Since it became a Fiat currency, ND has had a inverse love hate relationship with it. High interest rates in the 80’s brought a strong dollar as money poured in to buy our sovereign debt guaranteed by the US tax payers. The next negative period was the balanced budget in the waning years of the Clinton administration when the republicans forced a balanced budget on him. The end of the 90’s if you remember brought us $11.00 oil and low grain prices again to end and start the new century.
     
    You may ask, why will the US dollar ever rally again? Look at it now. A higher low then 2008, (notice oil made a lower high) and it is now bouncing. You see, they say you have to walk before you can run. In the case of the US debt and economy, you have to crawl before you walk. For the first time, a debt ceiling increase came with a clause. That never happened . Now we have Dems and Repubs talking about less spending (except the failing president). The dollar may make new lows into the 100th anniversary of the Fed in 2013, which my cyclical work implies, but the greatest thing about our country is we eventually get it right, as Winston Churchill used to say. The economy with or without the Fed, but with new US policy will right itself, and the money sloshing around out there will have to be brought back in with higher interest rate,  which will strengthen the US dollar and cause ND to again see its fortunes reduced. But then quadrupling its oil wells won’t hurt. Let’s just hope there turning a profit. Oh Yah, I now the story well about China, but with ALL oil priced in US dollars, they will be buying theirs, the rest of the world will struggle to afford it. Besides, GE and GM are now moving their headquarters for electrical development to China and they will be running around in tiny electric cars anyway. Did you ever see an SUV in a China picture? Just in case , Past results are not indicative of future results and consider risks before investing. The government makes me say that even though I usually get it right.

  • ellinas1

    You didn’t like the democrat politicians who represented N.Dakota in Washington.
    You worked hard to replace them, and you got what?  Senator John Hoeven working not for the people of North Dakota but for the moneyed elite and special interests.
    Good job Mr Port, keep it up.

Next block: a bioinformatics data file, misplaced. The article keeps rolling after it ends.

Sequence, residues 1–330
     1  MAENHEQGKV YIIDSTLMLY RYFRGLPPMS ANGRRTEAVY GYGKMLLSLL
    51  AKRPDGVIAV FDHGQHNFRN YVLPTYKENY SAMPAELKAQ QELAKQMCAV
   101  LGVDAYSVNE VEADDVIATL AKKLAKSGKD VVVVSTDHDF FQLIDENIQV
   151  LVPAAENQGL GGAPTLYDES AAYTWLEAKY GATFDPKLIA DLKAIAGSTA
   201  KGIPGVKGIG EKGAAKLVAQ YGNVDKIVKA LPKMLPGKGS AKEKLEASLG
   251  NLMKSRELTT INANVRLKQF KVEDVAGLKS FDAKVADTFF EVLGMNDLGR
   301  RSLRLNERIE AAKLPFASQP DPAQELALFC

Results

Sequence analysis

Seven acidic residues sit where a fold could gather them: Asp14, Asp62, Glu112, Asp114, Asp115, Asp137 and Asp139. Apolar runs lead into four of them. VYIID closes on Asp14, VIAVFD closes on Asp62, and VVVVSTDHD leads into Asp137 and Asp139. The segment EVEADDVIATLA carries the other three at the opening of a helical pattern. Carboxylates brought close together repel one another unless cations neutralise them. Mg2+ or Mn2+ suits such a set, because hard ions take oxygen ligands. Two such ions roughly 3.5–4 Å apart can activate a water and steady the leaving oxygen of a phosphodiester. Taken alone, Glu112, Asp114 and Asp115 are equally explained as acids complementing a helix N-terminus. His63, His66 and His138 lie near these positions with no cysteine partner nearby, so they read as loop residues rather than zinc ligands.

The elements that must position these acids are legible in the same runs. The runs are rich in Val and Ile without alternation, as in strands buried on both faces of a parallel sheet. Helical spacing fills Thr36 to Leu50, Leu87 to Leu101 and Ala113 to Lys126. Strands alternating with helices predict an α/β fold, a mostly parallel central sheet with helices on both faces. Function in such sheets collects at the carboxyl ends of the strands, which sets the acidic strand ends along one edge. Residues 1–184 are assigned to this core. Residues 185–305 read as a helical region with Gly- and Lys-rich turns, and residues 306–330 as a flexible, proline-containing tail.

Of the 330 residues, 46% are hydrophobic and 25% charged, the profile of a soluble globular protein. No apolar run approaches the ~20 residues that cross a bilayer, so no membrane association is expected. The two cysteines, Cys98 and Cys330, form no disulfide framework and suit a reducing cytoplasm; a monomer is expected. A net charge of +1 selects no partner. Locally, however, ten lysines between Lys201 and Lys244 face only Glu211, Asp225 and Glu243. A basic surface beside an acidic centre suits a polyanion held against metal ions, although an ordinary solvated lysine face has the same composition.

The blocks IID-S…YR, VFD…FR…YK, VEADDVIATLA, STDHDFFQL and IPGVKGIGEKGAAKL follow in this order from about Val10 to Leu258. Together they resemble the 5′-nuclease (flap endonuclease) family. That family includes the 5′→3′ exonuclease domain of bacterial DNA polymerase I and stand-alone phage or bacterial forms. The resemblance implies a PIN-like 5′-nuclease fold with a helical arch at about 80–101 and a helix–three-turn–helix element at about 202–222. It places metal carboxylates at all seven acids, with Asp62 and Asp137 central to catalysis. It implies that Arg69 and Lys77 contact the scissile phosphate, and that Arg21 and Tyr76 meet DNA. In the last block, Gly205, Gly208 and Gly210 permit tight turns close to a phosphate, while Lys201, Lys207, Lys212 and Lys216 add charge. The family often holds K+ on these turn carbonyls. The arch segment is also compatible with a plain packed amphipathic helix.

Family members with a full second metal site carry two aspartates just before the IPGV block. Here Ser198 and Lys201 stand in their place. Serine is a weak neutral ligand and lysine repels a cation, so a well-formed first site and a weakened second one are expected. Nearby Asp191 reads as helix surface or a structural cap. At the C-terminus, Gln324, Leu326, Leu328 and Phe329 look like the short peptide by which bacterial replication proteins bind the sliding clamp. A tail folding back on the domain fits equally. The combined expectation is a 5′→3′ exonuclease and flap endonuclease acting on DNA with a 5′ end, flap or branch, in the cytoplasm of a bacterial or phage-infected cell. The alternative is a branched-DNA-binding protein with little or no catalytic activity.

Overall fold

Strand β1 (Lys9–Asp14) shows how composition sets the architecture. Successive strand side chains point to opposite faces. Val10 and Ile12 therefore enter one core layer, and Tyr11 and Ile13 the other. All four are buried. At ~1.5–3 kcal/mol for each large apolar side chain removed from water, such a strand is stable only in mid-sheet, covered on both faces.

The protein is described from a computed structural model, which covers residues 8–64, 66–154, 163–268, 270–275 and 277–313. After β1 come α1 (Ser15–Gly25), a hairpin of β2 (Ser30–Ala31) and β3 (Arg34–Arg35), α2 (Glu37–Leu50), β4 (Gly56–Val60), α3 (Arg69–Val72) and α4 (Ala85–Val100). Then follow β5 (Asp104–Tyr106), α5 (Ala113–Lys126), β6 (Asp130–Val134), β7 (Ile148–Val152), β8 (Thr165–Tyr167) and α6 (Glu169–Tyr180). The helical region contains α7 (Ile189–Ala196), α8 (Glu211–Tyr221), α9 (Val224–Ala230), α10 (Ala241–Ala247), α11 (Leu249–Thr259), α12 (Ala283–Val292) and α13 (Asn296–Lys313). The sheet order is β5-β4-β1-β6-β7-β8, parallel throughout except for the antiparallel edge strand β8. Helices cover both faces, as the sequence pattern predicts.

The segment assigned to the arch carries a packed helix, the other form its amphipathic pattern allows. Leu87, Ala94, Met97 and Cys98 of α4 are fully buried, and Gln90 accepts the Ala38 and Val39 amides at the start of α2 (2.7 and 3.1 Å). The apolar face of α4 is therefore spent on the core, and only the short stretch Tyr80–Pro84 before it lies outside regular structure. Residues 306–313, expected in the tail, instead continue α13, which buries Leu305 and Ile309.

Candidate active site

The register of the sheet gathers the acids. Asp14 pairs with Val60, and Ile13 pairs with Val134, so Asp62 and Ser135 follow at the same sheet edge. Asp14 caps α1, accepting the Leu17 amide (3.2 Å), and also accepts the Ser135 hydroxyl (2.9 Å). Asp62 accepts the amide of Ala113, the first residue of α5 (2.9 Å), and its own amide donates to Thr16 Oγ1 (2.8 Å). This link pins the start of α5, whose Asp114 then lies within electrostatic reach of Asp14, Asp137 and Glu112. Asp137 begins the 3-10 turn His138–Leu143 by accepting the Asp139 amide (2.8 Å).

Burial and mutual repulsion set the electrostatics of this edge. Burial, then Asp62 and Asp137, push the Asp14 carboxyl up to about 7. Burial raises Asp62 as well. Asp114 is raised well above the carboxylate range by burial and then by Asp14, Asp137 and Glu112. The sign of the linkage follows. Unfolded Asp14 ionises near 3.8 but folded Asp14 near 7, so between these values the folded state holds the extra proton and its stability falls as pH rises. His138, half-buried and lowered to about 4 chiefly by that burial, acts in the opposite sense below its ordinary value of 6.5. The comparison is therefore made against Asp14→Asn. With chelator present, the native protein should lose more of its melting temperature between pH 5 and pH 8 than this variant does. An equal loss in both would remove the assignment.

• http://sayanythingblog.com Rob

      I never campaigned for John Hoeven.  In fact, I’ve consistently criticized him for years, and also wrote that he was no significant improvement over Dorgan.

      But go ahead and attack your imaginary renderings of my position.

      • VocalYokel

        “…was no significant improvement over Dorgan.”

        It would appear his ego is even bigger than Byron’s.

      • Camsaure

        The ONLY good thing about Hoeven was having an “R” by his name contributes towards having a majority eventually. I would certainly love to see him replaced with a real conservative next go round.

      • ellinas1

        I have never said that you campaigned for John Hoeven.
        But you worked hard for the defeat of Dorgan:

        “Fargo Forum political reporter Kristen Daum has a story today about a recently formed sponsoring committee that’s pursuing a petition to recall Sen. Kent Conrad.
        Joseph Wells, a Fargo resident, has been working on the issue for the
        past month, but the news today is that conservative blogger and Fargo
        radio talk show host Rob Port (of Minot) is also on the five-person
        sponsoring committee.”

        You worked hard to send Hoeven to the senate who by your own admission,
        is not an improvement over Dorgan. It only mattered that he has an R
        after his name.

  • VocalYokel

    “Did you ever see an SUV in China?”
    No, but when Barry-O visits to do the ribbon-cutting ceremony for GE and GM I bet we’ll see a couple of big buses.

    “Past results are not indicative of future results and consider risks before investing. The government makes me say that…”
    My favorite is the fine print when car companies tout the fuel efficiency of particular models.
    ‘Actual mileage may vary.’